YELL, NORTH, Shetland.—See Fetlar.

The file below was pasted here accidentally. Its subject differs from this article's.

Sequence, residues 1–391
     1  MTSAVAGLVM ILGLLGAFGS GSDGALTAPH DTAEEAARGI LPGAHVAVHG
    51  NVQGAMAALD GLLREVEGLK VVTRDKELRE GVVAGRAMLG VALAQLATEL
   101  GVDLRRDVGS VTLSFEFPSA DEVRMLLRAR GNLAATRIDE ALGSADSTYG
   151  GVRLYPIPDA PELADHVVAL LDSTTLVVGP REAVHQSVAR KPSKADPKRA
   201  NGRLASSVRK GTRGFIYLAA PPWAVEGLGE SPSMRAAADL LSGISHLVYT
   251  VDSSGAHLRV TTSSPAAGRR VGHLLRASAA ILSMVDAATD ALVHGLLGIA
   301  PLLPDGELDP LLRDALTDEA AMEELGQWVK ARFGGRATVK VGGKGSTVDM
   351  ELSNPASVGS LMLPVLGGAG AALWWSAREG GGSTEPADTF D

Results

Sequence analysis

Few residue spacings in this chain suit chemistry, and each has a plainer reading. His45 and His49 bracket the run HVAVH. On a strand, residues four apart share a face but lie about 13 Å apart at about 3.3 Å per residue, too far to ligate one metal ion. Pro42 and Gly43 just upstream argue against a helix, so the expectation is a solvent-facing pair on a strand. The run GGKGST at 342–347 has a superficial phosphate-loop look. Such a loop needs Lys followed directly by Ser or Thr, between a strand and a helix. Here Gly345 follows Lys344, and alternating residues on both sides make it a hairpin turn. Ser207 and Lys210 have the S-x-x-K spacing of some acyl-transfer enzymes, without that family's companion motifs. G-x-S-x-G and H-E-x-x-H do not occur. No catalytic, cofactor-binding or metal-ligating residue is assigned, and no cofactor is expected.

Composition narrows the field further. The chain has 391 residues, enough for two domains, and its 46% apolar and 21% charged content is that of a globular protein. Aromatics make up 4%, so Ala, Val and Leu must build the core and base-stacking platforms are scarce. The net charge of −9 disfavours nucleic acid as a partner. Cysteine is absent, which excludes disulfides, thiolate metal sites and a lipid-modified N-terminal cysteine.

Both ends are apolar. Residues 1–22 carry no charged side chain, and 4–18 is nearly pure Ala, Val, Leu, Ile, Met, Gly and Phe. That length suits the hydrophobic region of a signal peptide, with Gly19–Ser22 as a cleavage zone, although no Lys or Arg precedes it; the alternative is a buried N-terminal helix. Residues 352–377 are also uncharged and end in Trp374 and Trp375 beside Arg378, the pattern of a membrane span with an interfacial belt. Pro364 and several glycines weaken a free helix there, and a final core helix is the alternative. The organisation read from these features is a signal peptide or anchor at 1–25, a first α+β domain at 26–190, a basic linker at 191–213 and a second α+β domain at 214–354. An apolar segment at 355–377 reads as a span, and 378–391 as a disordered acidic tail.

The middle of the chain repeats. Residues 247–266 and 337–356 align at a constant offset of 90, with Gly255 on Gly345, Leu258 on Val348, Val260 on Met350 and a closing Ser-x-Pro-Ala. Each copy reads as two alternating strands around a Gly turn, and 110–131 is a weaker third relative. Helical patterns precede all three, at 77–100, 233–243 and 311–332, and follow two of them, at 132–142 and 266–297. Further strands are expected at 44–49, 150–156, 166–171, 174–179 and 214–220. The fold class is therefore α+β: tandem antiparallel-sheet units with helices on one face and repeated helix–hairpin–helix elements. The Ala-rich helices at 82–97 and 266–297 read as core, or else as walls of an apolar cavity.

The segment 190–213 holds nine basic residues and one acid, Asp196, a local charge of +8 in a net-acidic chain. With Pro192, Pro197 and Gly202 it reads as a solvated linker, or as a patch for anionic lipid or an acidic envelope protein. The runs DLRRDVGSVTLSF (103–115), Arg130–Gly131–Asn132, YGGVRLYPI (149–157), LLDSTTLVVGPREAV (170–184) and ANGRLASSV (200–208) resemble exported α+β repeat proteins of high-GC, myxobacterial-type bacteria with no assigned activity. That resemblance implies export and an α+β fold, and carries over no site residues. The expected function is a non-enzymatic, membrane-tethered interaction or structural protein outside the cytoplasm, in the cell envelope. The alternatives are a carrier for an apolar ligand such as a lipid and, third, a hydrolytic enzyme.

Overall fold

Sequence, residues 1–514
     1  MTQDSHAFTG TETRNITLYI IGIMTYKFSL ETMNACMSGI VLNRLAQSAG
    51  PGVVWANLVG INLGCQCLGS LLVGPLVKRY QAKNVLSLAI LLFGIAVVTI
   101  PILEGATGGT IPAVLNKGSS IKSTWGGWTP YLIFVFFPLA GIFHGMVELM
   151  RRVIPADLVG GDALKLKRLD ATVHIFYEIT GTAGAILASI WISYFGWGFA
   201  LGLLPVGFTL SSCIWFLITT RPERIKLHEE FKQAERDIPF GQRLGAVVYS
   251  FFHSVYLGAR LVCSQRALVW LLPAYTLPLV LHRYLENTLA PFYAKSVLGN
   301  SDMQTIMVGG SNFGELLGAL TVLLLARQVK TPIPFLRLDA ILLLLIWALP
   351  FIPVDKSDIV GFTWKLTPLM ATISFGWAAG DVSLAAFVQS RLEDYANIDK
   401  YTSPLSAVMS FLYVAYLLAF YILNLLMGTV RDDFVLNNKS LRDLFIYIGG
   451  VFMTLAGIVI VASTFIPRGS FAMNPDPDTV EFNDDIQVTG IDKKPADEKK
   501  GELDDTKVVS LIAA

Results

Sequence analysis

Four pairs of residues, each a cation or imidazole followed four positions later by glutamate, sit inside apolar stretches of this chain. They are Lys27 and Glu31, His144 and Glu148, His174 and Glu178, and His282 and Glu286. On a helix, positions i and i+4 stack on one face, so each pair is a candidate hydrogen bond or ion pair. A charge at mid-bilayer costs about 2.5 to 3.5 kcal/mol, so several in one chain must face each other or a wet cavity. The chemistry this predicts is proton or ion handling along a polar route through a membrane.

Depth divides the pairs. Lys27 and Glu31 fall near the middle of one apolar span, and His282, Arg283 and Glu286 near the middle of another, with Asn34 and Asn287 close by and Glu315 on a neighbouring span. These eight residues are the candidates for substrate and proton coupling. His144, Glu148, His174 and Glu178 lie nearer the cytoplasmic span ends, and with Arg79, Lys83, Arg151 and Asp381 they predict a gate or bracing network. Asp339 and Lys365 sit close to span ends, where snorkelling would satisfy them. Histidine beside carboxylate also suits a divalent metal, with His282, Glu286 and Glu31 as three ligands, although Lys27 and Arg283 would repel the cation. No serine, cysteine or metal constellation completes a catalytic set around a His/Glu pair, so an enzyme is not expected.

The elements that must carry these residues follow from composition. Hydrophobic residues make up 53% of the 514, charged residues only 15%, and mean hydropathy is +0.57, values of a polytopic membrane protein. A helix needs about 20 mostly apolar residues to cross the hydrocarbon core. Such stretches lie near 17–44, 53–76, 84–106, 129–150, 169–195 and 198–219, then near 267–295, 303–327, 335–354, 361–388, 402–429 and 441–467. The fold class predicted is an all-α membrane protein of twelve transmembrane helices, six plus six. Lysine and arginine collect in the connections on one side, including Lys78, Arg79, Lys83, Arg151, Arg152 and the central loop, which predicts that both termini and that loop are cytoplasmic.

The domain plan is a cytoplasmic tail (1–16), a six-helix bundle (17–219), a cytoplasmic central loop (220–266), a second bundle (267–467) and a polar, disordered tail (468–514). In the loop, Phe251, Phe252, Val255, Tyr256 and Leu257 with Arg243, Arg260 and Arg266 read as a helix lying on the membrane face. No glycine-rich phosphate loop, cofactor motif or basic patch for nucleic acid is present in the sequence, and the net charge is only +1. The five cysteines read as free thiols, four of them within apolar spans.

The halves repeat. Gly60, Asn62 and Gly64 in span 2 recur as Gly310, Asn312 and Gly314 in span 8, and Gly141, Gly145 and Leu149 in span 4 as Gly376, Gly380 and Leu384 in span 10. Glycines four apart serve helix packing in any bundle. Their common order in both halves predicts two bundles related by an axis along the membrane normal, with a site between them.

YESTER, a parish, in the county of Haddington, 4 miles (S. by E.) from Haddington; containing, with Gifford, Long Yester, and Long Newton, 1069 inhabitants, of whom 525 are in the village of Gifford, about 140 in the hamlets of Long Yester and Long Newton, and the remainder in the rural districts of the parish. This place, of which the ancient name was St. Bothan's, derived its present name, soon after the Reformation, from the lands of the Marquess of Tweeddale, which lie partly within the limits of the parish, and consist of a fine valley on the banks of the Gifford water, and of which the Cambro-British Ystrad, now softened into Yester, is faithfully descriptive. These lands were granted by William the Lion to Hugh de Gifford, son of an English gentleman of that name, who in the reign of David I. had settled in East Lothian, and acquired extensive landed property. The Gifford family resided for a long period in the baronial castle of Yester, which is celebrated in Scott's poem of Marmion; but on failure of heirs male, in 1418, their wide estates were divided among four daughters, co-heiresses, of whom the eldest, who possessed the manor of Yester, conveyed that property to the Hay family, by marriage with Sir William Hay, of Locherwert, whose descendants were in 1488 created Lords Hay, of Yester, and in 1646 Earls, and in 1694 Marquesses, of Tweeddale. The parish is about six miles in length from east to west, and about five miles in breadth, and comprises 8928 acres, of which 5400 are arable, 946 woodland and plantations, sixty undivided common, and 2522 hill pasture. The surface is generally elevated, rising gradually from the sea-coast to the Lammermoor hills, of which Lammerlaw, the highest of the range, is 1700 feet above the level of the sea, and wholly within the parish. The vale of Yester is a tract of fertile land, through which the Gifford water flows, between banks richly crowned with wood and thriving plantations, and comprehending much pleasing scenery, and, in some parts, beautifully picturesque features. The Lammermoor hills are covered with heath, interspersed with only a few spots of verdure, but affording excellent pasturage for sheep; and from these heights descend numerous streams which, uniting at some distance from their base, form the Gifford water.